Gov. Ned Lamont has been pondering Vice President Kamala Harris’ request, made during a recent visit to Connecticut, that our state take in, at federal expense, unaccompanied minors who had recently crossed the border with Mexico and were being kept at detention facilities there.
Lamont’s decision to move forward with the plan to house the children at the Connecticut Juvenile Training School in Middletown has caused a stir — not on principle, mind you, but because of the environment they will inhabit.
Keeping children in a correction facility when their only offense is crossing the border unlawfully is, of course, less than ideal. Some on Twitter insist that housing the children there will inflict trauma on the already traumatized.
“Taking kids out of cages in the southwest and moving them into cages in the northeast is not an immigration policy,” said Middletown Mayor Ben Florsheim, a Democrat.
Indeed, Lamont’s move evokes the horrifying images of children in cages that were so prevalent during the Trump administration. More to the point perhaps, is that states don’t make immigration policy — and at the moment, the Biden administration’s is something of a disaster. It could even harm the political fortunes of Democrats nationwide, so you would think that Democrats who supported Biden’s election would applaud Lamont’s offer to help out the White House.
In situations like this, especially when children are involved, it’s easy to let your emotions get the best of you. These children have indeed been through a lot of trauma, but I’d argue that whether it’s the Middletown campus, which closed in 2018 after a scandal involving its builder and former Gov. John Rowland, or the Southbury Training Center, the more important factor to consider is how they’re treated once inside the facility.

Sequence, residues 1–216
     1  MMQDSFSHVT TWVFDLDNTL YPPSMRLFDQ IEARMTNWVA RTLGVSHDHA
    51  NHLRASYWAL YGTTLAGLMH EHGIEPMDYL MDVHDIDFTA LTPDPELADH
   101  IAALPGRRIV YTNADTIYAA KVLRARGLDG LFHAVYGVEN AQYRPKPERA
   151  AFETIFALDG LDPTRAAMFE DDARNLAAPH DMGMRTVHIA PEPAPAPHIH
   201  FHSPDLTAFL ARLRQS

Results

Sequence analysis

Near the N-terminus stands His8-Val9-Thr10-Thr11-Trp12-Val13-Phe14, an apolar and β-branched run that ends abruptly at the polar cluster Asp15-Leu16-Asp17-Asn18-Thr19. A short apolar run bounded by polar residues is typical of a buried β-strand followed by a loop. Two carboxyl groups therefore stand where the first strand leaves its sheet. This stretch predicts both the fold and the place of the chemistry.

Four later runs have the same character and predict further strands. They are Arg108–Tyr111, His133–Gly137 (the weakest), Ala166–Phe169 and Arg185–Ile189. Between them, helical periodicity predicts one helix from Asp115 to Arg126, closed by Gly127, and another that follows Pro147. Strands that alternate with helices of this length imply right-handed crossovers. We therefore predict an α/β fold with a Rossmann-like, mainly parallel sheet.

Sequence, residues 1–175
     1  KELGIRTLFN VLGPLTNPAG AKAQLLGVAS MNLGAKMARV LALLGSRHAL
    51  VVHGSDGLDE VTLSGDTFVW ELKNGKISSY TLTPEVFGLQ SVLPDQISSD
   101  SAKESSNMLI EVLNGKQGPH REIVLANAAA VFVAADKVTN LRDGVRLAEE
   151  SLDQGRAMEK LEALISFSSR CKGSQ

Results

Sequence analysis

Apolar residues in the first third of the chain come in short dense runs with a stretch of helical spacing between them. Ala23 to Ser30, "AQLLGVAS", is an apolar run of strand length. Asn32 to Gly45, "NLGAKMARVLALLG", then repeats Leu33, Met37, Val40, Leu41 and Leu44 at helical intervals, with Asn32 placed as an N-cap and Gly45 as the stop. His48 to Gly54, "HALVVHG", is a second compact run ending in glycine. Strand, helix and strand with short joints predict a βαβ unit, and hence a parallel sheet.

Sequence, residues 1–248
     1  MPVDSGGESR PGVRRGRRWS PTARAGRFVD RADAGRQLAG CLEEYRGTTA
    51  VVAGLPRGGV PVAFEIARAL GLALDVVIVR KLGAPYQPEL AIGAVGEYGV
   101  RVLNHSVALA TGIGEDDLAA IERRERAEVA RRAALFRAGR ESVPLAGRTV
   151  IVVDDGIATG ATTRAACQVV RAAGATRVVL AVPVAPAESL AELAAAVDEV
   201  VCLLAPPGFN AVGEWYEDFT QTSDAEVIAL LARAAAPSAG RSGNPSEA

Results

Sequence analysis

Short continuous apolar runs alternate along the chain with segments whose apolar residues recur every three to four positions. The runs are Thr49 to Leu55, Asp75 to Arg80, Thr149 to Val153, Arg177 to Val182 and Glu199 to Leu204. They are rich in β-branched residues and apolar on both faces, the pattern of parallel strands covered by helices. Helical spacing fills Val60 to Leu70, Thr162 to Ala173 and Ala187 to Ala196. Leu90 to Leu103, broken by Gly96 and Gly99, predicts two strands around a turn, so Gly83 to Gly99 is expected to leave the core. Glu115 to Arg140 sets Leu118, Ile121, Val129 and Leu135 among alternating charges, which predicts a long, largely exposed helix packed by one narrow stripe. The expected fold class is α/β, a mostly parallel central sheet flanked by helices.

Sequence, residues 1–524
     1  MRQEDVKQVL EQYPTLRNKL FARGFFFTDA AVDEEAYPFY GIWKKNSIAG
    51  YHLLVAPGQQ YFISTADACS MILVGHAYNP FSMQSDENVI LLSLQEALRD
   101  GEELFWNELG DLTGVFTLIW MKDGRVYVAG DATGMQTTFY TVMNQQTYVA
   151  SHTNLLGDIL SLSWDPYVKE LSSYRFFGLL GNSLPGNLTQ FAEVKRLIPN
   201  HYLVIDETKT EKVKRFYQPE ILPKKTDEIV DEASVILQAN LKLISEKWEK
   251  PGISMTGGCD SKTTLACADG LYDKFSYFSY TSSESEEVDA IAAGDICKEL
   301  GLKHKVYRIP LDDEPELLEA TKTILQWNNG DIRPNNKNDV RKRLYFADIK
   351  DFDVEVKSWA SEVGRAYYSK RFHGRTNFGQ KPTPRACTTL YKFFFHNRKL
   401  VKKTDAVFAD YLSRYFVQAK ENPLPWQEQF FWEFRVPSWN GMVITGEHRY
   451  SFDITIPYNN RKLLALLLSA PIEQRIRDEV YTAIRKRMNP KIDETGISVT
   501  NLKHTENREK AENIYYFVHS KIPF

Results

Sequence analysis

They won’t be guarded by correction officers. These kids will have better access to health care than they did at the border. They won’t be sleeping on the floor under blankets made of plastic wrap. As Lamont has noted, the Middletown facility is highly secure and, unlike Southbury, it was actually designed to house children.
It’s easy to take shots at Lamont, an Ivy Leaguer who grew up wealthy in Greenwich, as an out-of-touch patrician who has no clue how to treat the disadvantaged. If such were the case, he would have told Harris to get lost.
Two other initiatives are also moving forward that would fundamentally alter the notion of local control prized by so many in Connecticut. Both are affordable housing bills but at their core, they’re really about exclusionary zoning.
Both made it out of a key legislative committee last week. One would “establish requirements for zoning regulations concerning accessory apartments” and effectively legalize them, regardless of whether municipal zoning allows for them. The other would create “affordable housing planning and zoning goals for each municipality” and implement “the enforcement of such goals.” The bill would also eliminate the consideration of “character” from local zoning regulations.